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Although it has long been a key orientation point in Toronto’s urban grid, and the site of an important crossing of subway lines, the intersection of Bloor and Yonge streets has also been, until now, pretty mean.

On the northern corners stand a couple of utterly undistinguished high-rise office buildings. Also framing the intersection, to the north, is the dreary concrete hulk of Hudson’s Bay Co. Before its demolition earlier this year – a move opposed by architectural preservationists for reasons that escape me – Stollery’s, a low-rise menswear store occupied the southwest corner with indifference.

(Doublespace Photography)

On the southeast angle, there used to be a shabby, two-storey warren of cheap shops, nail parlours, noodle outlets and such. If, at some point before the recent past, you wondered why Toronto got nicknamed Hogtown, the architectural wallow at the Yonge-Bloor crossroads would have given you a broad hint.

The fortunes of the place began to brighten, however, as the city’s residential real estate boom rolled forward. In 2005, a sleek 60-storey skyscraper was proposed for the southeast corner by the Toronto firm of Young and Wright. Then, the property was flipped and the new owner, Bazis International, chose architect Rosario Varacalli to design an 80-storey shopping and housing complex for the site. But before spadework on Mr. Varacalli’s scheme started, Bazis ran into financial difficulties, and eventually sold its interest to a consortium that included Great Gulf Homes. In the spring of 2010, Great Gulf unveiled its own plan : a tall residential tower with shopping at the base, to be crafted by David Pontarini, principal in Toronto’s Hariri Pontarini Architects. Of the (at least) three ideas put forward to fill the spot, Mr. Pontarini’s was the one that would be built.

(Hariri Pontarini Architects)

Since doing a column about this project five years ago, I have been watching its gradual emergence from a vast hole in the ground, and its steady ascent toward a full height of 76 storeys, now almost reached. Location alone makes the building significant and the plans looked promising. Now that this high-rise is nearly finished, it’s time to ask: Has the structure lived up to the renderings Mr. Pontarini’s office produced in 2010?

It has, as I discovered one hot afternoon last week – and then some.

(Doublespace Photography)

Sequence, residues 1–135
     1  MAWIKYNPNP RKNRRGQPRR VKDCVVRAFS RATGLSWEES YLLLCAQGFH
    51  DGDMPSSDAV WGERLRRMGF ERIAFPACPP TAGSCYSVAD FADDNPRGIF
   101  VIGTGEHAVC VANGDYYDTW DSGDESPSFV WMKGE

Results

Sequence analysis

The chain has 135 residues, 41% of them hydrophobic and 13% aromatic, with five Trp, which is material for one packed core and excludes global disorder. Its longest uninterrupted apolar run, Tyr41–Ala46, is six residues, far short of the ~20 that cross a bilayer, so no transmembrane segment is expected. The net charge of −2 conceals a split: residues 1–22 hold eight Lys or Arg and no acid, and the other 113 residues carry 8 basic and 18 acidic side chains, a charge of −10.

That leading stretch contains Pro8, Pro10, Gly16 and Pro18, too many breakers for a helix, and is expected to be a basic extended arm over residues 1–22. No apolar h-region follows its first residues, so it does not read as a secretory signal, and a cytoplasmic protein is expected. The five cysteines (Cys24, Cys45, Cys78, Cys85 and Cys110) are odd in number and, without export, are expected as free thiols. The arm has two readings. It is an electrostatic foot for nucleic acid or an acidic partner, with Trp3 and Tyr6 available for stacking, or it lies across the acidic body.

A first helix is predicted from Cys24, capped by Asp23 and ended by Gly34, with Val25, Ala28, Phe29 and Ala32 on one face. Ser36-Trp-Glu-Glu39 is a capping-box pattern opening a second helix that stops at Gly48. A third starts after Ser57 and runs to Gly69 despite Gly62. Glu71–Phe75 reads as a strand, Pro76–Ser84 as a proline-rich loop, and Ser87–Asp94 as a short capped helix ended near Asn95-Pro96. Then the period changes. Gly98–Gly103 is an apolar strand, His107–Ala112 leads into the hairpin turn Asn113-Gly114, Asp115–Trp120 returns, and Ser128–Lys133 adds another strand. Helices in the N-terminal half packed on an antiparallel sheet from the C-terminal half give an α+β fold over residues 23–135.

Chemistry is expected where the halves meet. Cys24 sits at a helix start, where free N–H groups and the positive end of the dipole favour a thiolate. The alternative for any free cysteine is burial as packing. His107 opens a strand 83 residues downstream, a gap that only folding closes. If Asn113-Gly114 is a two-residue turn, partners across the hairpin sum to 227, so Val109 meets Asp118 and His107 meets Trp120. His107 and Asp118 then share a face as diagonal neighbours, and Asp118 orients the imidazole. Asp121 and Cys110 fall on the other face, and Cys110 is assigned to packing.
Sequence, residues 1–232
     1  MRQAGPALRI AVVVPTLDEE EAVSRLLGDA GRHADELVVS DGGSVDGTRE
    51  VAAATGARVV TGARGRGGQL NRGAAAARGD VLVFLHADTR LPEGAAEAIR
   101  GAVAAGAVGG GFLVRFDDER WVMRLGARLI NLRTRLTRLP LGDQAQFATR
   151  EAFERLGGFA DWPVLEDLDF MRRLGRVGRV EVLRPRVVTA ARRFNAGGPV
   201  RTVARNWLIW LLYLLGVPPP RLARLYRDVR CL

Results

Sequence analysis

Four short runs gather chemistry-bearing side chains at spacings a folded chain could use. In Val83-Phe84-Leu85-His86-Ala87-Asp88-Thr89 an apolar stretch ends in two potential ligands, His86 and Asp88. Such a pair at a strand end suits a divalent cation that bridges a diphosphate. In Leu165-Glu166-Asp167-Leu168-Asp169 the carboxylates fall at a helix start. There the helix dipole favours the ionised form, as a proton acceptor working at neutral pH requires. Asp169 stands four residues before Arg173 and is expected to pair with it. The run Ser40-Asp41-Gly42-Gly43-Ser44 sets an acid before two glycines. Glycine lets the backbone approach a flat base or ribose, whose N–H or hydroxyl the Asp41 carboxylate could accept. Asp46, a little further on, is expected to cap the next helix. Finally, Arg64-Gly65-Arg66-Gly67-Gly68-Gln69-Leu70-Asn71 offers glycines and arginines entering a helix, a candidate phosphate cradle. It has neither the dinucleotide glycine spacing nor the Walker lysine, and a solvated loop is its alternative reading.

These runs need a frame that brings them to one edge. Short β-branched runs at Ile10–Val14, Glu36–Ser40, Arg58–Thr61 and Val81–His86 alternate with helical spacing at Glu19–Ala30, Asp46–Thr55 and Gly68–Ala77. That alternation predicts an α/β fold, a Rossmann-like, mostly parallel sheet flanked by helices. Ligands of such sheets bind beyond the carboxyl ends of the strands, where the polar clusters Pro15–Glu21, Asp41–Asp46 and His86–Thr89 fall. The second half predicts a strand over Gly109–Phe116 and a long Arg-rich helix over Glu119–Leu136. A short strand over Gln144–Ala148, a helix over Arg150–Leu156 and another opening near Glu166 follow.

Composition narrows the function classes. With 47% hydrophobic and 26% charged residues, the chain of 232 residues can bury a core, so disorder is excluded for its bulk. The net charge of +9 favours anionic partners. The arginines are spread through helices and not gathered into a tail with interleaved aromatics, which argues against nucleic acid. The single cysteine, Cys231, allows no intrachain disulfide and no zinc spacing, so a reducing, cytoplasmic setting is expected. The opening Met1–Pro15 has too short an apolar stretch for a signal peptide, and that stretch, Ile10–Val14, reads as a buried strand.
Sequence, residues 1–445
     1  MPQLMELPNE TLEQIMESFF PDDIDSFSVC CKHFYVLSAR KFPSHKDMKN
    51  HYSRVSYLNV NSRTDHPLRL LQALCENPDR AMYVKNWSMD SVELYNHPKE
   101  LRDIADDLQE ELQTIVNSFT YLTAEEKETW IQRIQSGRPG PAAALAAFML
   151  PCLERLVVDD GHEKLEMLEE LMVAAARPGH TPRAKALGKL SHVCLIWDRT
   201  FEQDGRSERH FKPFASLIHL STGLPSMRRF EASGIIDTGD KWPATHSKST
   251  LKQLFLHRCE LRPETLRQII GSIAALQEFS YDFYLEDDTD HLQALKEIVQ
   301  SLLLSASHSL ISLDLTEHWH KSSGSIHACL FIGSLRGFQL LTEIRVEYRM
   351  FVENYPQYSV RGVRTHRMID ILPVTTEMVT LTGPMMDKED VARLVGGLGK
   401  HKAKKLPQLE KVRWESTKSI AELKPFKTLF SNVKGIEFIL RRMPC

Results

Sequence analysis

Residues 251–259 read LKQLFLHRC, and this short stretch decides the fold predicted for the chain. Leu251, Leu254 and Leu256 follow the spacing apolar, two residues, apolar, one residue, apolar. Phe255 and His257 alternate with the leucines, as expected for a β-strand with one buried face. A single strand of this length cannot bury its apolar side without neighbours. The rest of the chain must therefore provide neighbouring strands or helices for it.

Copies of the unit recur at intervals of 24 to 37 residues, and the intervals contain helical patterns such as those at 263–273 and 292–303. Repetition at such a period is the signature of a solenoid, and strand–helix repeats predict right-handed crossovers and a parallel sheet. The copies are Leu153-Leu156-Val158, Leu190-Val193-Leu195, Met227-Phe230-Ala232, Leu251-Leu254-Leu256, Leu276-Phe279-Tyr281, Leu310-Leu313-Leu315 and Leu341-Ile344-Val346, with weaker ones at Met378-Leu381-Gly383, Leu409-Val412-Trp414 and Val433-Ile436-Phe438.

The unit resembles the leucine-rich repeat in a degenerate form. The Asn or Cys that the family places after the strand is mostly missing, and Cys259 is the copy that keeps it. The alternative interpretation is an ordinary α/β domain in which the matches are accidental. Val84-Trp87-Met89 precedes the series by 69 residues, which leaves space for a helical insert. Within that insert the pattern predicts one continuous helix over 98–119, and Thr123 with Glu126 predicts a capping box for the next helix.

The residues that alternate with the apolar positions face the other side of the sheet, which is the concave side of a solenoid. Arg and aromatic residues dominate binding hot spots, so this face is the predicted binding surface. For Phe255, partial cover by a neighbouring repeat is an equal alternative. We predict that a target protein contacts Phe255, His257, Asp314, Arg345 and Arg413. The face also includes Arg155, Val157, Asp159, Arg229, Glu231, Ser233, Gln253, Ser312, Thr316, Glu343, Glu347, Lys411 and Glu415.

According to the drawings, the Bloor and Yonge façades of the steel-framed tower were to rise from the base in broad, flat curves, undulating vertical rivers of glass and balconies. Instead of being tailored in the straight-ahead, mechanically regular fashion of most high-rises, the sculpted surfaces were to flow rhythmically, expressively between top and bottom. Last week, I found that, in the almost-completed product, they do just that. In fact, the skins of the tower shaft are showing more swing and muscular lilt than I thought they would.

Writing in 2010, I was not enthusiastic about the base. It struck me as too small a bottom for so large a building, and a rather dispirited way for the structure to hit the ground. It wasn’t extraordinary, and it should have been. “Mr. Pontarini’s podium could be put anywhere in the downtown core,” I observed. “It’s just not special enough.”

(Doublespace Photography)

I was wrong. The real, built-out base – as opposed to the impression left by the renderings – is robust, dramatic, briskly urbane. Above the levels of the street-side shops, the architect engages the eye of the passerby with a sophisticated game of raking angles and fluid volumes that says: This is it – the centre of a young, various metropolis.

Tall buildings can sum up cities in this way. Because they are large and conspicuous, they can operate at a metropolitan scale, projecting in their material design the energy and complexity of big-city life. Mr. Pontarini’s skyscraper at the corner of Bloor and Yonge – it has about it, especially down below, the spontaneity of a pencil sketch – is surely not the only kind of big residential structure Toronto needs. But a little flamboyance is quite appropriate at this place where major streets, transit routes and lines of force in the urban imaginary intersect.

(Doublespace Photography)

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